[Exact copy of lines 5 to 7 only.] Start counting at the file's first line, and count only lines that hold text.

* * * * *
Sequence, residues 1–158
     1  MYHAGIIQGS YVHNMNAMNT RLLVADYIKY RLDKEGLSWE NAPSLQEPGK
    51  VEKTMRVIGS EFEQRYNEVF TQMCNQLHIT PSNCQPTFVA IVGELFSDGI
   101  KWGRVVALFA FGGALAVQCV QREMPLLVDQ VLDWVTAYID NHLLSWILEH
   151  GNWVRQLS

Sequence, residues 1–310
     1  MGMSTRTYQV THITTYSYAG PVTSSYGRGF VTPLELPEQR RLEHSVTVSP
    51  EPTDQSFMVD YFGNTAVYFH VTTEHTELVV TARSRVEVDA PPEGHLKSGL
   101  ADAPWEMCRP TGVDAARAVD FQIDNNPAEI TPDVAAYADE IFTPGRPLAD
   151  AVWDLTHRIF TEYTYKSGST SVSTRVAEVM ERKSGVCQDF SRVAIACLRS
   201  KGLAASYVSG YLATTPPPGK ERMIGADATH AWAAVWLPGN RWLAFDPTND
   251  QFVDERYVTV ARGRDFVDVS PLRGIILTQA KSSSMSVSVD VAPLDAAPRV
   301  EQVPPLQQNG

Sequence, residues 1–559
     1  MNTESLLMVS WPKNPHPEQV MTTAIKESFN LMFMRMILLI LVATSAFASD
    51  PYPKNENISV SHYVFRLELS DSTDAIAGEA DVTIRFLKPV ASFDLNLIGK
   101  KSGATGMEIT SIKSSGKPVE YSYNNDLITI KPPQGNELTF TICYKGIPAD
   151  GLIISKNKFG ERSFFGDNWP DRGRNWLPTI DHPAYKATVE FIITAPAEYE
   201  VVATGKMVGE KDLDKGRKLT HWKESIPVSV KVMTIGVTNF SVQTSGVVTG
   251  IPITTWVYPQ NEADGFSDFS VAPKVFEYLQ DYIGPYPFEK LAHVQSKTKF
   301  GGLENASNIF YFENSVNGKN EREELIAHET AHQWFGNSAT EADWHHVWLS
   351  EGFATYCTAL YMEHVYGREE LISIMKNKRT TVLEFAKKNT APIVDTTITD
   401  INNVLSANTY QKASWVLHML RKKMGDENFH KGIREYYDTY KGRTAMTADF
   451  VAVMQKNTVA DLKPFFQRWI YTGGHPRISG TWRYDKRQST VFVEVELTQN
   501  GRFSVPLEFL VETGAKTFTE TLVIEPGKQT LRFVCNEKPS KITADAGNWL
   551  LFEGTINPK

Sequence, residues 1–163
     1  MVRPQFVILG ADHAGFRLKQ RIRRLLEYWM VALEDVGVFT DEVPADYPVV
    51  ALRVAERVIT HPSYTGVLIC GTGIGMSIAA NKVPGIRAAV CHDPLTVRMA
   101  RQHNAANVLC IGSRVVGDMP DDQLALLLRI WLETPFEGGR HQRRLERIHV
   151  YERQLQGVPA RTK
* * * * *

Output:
   151  GNWVRQLS

Sequence, residues 1–310
     1  MGMSTRTYQV THITTYSYAG PVTSSYGRGF VTPLELPEQR RLEHSVTVSP